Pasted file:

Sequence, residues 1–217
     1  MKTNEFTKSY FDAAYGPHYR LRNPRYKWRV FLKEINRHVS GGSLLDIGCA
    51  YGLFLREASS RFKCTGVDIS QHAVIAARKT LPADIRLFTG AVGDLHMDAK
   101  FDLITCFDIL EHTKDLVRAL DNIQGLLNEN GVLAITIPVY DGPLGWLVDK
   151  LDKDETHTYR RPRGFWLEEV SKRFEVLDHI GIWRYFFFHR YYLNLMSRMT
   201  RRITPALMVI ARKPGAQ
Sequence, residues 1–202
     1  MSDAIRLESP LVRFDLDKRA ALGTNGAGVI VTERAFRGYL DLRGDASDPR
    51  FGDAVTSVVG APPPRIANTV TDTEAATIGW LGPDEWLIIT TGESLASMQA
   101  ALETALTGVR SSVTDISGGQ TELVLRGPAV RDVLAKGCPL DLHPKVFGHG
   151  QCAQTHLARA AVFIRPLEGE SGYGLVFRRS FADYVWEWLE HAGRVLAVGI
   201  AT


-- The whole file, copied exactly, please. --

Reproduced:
Sequence, residues 1–217
     1  MKTNEFTKSY FDAAYGPHYR LRNPRYKWRV FLKEINRHVS GGSLLDIGCA
    51  YGLFLREASS RFKCTGVDIS QHAVIAARKT LPADIRLFTG AVGDLHMDAK
   101  FDLITCFDIL EHTKDLVRAL DNIQGLLNEN GVLAITIPVY DGPLGWLVDK
   151  LDKDETHTYR RPRGFWLEEV SKRFEVLDHI GIWRYFFFHR YYLNLMSRMT
   201  RRITPALMVI ARKPGAQ
Sequence, residues 1–202
     1  MSDAIRLESP LVRFDLDKRA ALGTNGAGVI VTERAFRGYL DLRGDASDPR
    51  FGDAVTSVVG APPPRIANTV TDTEAATIGW LGPDEWLIIT TGESLASMQA
   101  ALETALTGVR SSVTDISGGQ TELVLRGPAV RDVLAKGCPL DLHPKVFGHG
   151  QCAQTHLARA AVFIRPLEGE SGYGLVFRRS FADYVWEWLE HAGRVLAVGI
   201  AT